Thank you for your response and clarification; however, I find the explanation faulty in the following ways. However, first let me recognize that I am likely a minority of your users who based on my own personal views actively manage how and where my personal life is used and exposed on the internet. Furthermore, I believe that companies do not have a right to know anything about me simply because we conducted business with each other. I bought the ReadyNAS, I think it is a very good product and I would recommend it to many of my friends. It serves a number of my needs and frankly I am really enjoying the opportunities the device affords me. But that transaction does not, in my own opinion, permit the company to track my use of the product. FaceBook users, for example, willing submit gobs of personal data to an organization which explicitly and willfully profits on selling your "anonymous" data to marketing groups solely to target products to you. Obviously, based on FaceBooks enormous success, I am a minority of internet users or perhaps I am more informed on how this information is used to undermine individuals decisions about the products they buy, use and like. "Anonymous" statistics is a facade, using tracking data on sites I manage, we can determine based on your IP and usage behavior (3 clicks) your age, gender, median income, number of children you have, ages of your children and a whole host of other "anonymous" bits of information. The concept is truly a joke these days within the industry, but most internet users are willfully oblivious. Hey, nothing is free - right?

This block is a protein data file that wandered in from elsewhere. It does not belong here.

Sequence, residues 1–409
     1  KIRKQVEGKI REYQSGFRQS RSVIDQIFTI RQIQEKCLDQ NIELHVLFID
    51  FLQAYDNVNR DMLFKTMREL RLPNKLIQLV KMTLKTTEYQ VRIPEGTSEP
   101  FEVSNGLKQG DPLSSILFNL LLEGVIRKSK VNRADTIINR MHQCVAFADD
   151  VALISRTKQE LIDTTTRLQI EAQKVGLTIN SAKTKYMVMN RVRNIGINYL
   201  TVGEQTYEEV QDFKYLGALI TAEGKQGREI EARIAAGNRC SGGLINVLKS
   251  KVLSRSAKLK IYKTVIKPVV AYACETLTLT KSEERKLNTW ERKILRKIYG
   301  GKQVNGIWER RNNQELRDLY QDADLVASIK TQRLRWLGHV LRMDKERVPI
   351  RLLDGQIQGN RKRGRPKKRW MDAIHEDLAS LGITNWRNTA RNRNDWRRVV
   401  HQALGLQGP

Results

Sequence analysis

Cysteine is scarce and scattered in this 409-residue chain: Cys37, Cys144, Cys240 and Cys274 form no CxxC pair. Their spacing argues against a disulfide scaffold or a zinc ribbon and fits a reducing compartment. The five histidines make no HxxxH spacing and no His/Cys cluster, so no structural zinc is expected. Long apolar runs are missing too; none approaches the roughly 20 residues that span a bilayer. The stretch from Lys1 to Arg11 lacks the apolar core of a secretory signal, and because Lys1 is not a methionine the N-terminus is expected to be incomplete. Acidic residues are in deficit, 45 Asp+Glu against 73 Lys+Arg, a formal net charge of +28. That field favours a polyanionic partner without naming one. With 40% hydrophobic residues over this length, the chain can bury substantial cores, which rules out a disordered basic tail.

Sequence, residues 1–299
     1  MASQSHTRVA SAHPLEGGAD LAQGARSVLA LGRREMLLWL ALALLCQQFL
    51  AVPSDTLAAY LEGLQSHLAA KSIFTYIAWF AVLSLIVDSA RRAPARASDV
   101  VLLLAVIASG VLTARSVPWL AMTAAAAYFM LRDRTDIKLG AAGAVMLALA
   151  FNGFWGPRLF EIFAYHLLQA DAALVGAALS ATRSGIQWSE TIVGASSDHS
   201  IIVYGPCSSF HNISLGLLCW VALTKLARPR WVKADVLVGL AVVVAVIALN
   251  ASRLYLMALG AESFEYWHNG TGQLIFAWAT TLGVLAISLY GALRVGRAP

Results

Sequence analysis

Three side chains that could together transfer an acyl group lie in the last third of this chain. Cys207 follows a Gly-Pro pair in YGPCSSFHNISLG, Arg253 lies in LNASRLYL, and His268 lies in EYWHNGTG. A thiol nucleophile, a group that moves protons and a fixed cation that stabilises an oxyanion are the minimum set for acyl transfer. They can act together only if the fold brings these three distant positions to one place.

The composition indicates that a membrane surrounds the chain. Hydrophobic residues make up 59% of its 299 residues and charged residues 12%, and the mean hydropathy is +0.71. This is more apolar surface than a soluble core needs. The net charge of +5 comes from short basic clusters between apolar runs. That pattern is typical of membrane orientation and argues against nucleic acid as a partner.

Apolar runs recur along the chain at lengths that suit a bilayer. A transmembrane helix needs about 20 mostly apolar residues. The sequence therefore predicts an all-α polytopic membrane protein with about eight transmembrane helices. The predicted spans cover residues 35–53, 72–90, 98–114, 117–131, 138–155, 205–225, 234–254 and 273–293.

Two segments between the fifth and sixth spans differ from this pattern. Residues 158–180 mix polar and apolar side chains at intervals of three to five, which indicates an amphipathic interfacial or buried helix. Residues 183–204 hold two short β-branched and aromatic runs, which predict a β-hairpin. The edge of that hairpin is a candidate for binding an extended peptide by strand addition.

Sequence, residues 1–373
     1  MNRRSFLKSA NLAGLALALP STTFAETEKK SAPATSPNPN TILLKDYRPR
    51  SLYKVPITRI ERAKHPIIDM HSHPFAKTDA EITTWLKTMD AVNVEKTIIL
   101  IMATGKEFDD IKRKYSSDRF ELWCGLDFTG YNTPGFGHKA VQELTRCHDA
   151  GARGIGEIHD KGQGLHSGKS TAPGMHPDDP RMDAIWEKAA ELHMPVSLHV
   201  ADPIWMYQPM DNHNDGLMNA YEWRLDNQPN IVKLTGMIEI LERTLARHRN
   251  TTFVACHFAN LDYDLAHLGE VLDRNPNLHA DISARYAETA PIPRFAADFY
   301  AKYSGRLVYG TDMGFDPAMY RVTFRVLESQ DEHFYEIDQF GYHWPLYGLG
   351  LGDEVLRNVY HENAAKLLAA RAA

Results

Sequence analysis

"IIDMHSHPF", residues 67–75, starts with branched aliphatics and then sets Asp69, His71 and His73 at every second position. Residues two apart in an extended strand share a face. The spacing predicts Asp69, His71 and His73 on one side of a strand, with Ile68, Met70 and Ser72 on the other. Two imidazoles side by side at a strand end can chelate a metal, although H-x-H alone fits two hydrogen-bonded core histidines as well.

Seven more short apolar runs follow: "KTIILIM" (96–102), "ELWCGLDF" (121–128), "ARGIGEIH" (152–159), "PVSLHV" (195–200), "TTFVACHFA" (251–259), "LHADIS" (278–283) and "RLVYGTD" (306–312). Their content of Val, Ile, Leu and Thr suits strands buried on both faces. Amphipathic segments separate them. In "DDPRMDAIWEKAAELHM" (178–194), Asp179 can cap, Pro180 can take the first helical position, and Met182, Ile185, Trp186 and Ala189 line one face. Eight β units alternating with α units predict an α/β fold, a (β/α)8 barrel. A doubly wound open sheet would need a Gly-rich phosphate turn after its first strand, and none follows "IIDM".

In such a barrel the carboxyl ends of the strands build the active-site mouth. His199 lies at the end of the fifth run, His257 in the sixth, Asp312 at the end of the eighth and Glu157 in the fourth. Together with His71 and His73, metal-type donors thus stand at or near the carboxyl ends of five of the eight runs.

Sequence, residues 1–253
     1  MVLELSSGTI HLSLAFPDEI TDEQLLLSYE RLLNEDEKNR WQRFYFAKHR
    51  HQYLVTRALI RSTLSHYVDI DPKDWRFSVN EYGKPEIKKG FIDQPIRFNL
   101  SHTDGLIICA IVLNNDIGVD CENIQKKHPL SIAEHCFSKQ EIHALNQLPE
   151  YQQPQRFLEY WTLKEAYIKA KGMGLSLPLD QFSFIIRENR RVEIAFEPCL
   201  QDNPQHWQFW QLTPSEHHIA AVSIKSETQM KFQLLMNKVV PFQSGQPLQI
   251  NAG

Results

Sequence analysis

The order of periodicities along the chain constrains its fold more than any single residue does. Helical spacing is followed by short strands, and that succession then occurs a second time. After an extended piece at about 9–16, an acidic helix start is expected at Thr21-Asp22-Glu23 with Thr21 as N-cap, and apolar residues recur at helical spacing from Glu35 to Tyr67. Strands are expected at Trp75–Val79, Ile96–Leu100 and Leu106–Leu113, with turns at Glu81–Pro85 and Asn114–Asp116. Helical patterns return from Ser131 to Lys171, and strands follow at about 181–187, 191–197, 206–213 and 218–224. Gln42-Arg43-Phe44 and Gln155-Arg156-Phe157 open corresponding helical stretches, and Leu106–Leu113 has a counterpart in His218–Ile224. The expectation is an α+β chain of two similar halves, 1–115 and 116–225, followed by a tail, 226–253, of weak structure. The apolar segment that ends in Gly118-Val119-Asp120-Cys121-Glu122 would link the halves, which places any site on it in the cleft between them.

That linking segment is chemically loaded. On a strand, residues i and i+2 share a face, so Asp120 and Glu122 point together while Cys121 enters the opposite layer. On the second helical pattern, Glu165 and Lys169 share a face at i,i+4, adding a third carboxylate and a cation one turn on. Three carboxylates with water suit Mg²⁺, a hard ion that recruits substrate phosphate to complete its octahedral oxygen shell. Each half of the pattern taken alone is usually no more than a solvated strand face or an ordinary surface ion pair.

In any event, the use of email to upload photos is a very nice feature and I congratulate you and others at Netgear for developing such a seamless way of adding content - especially mobile content. I do like the feature but could easily build a PHP listener to do the same thing on the NAS. Not too difficult to do really. You would not need to add server capacity if the service ran locally on the NAS - right? No need to scale if your servers are out of the delivery loop. Finally, many programs ask at the time of installation if they would like to participate in usage statistics sharing to product provider. Netgear could implement the same to gather the same basic statistics for popularity, service scaling, bug reporting, etc while giving other user an option to opt-out. This is a widely used and well adopted option which I recommend you elect.
Finally, I do appreciate your comments and agree that the Photos II is very good software - minus, of course, the intrusion into my privacy.